Home » Blog » The Chief's Corner » Creating a Culture of Accountability

Creating a Culture of Accountability

Charles Craft

Why is Accountability Important?

Accountability: “The obligation of an individual or organization to account for its activities, accept responsibility for them, and to disclose the results in a transparent manner.”

In his December 8, 2016, online Forbes article “Why Accountability Is Critical For Achieving Winning Results,” Brent Gleeson writes “…accountability is probably the single most important element fueling truly successful organizations.” While Mr. Gleeson is referring to accountability in terms of the private sector, his observation is particularly applicable to law enforcement.

Police departments operate in a highly discretionary, minimally supervised, procedure and protocol dependent environment. Discretionary decisions, to act or not to act, can have tremendous impact on citizens, the officer, the community and the department.  Discretionary decisions are made on a daily basis, they generally attract very little attention and usually are based on good intentions and have good results; however, the misuse of discretion does occur and has terrible consequences.

While the high profile arrest of a dangerous felon may be the headline of the day, a discretionary enforcement action that gives the appearance of bias can linger in the media for months, destroying reputations and careers in the process.  Routine and mundane internal review processes and protocols can be so cumbersome and appear so insignificant that they “fall through the cracks”.

Generally, those failings attract little departmental attention and seem to have little impact, until the day they are vital in the defense of a departmental action, are the critical link that would have provided an early indication of misconduct, policy failure or personal crisis, or are needed to demonstrate the department’s attentiveness to issues of public concern  

When the misapplication of discretion, misconduct, or incidents of high public interest occur we often discover a history, both individually and organizationally, of overlooked indicators, that if recognized and acted upon, may have prevented or mitigated the impact of the conduct or incident.

Police agencies are often characterized as intentionally ignoring or refusing to see the value of establishing accountability systems that could identify and possibly prevent misconduct, policy failure and threats to officer wellness; however, the more accurate reason for the lack of accountability is the overwhelming nature of law enforcement.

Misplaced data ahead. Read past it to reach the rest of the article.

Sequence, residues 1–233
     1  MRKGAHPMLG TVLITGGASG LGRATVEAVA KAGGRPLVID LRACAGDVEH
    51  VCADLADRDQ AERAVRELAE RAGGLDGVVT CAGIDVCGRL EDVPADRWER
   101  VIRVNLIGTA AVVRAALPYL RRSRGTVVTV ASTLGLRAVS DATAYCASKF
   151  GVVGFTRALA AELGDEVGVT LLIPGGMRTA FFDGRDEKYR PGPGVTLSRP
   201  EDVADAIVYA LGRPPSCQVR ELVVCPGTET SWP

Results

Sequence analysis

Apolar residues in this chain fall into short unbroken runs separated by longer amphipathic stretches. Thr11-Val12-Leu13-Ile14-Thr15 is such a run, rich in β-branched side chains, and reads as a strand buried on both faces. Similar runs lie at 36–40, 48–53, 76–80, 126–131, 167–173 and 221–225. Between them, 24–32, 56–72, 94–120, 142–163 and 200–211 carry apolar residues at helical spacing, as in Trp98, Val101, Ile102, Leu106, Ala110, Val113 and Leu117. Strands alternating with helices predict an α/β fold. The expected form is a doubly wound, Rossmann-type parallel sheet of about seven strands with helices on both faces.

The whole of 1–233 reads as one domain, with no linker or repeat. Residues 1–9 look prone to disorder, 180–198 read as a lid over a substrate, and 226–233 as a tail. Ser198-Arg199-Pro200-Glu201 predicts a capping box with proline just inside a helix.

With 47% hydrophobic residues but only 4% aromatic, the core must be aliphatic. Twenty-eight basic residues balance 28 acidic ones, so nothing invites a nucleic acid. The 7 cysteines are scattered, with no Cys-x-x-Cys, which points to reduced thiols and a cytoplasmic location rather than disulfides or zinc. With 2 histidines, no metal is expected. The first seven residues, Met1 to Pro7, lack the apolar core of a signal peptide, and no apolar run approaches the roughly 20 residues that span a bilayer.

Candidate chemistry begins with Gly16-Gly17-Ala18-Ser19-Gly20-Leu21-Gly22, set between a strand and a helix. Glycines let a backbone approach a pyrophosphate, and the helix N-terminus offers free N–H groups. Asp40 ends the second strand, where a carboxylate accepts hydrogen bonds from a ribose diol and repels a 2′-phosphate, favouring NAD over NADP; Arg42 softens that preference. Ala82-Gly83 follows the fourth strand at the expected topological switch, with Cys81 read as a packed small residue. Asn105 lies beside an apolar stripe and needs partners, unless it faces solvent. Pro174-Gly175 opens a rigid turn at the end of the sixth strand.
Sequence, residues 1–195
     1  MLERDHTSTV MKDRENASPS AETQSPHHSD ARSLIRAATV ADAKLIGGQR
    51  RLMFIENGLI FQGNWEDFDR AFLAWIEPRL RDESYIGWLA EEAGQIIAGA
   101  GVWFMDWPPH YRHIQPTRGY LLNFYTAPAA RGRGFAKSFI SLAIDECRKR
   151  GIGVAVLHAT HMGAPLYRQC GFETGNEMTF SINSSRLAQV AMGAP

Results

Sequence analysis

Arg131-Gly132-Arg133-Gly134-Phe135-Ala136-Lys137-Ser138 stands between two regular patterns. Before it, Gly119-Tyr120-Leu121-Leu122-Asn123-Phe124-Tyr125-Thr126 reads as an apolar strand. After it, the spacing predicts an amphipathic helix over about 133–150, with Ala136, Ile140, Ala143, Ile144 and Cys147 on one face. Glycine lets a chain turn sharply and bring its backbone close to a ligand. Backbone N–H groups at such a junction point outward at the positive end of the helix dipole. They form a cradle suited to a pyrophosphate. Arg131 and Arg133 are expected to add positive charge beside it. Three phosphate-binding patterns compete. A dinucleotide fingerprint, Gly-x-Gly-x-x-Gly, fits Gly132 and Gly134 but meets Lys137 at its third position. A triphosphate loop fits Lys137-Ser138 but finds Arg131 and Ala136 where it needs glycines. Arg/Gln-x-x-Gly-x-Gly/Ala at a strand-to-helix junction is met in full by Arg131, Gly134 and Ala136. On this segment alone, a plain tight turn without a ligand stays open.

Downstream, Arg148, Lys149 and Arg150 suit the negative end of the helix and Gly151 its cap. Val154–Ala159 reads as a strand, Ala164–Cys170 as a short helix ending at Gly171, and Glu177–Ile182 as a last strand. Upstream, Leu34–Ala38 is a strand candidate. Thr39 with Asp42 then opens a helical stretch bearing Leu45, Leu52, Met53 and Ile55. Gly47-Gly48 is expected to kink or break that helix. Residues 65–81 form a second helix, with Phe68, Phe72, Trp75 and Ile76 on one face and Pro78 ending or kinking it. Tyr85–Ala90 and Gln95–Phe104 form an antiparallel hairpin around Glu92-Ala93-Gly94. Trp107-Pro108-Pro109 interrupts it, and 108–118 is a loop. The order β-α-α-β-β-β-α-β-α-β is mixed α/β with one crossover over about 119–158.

All too often the demands of the day take precedence over less immediate issues and the volume of available information makes recognition and analysis very difficult. Agency size and workload make little difference; the smaller the agency the more tasks the chief and command staff are responsible for, in large agencies the volume of information and limited interaction between senior staff and operational personnel complicate the lines of communication. In each case, for different reasons, things “fall through the cracks” and accountability suffers.

When an organization consistently pays attention to discretionary decisions and the procedure and protocol review process, those decisions and reviews are more in line with department values and policies.  Transparency and public confidence increase when the department can clearly demonstrate that conduct is monitored and reviewed. The challenge for the law enforcement executive is how, within the many and varied demands of their position, to establish a workable process that creates a culture of accountability.

How To Acess Accountability in your organization

A Comprehensive Review Of All Policies Should Be Conducted With The Following In Mind:

  • Do the policies clearly define expectations and requirements both operationally and in terms of the internal review process?
  • Are policies relevant, necessary and current?  Unenforced, unnecessary policies or those that are outdated, detract from the value of needed and vital policy.
  • Do policies reflect the mission, values and vision of the department? Policy should, in all cases, be consistent with the desired culture of the department.

For Internal Review Processes Consider The Following:

  • Is the process needed and relevant?  Unnecessary work detracts from the importance of vital reviews.
  • Is the review process workflow clearly defined and are the expectations for each level of review explicitly delineated?
  • Is there a standardized format (form) that guides the review?  If not, consider the development a standardized format.
  • Are time limits or time parameters established by policy and enforced?  The required timely completion of a review process emphasizes its importance, reduces the chance of a repeat of policy/performance failure and reinforces proper conduct.

Audit The Discretionary Decisions Made by Department Personnel:

  • What are most frequently occurring discretionary situations/decisions officers face/make?
  • Are the decisions made consistent with the policies, mission, vision and values of the department?
  • Have those decisions resulted in citizen complaints and/or civil actions?
  • Is there a shift, unit, day of week/hour of day, or supervisory correlation between discretionary decisions and complaints or civil actions?
  • Does department training address those situations where officers are required to make discretionary decisions?

Consider the availability and use of technological solutions designed to enhance the efficiency and effectiveness of the internal review process and the identification and analysis of discretionary activity and decisions.

 

Police Vehicle LightsOfficers In Training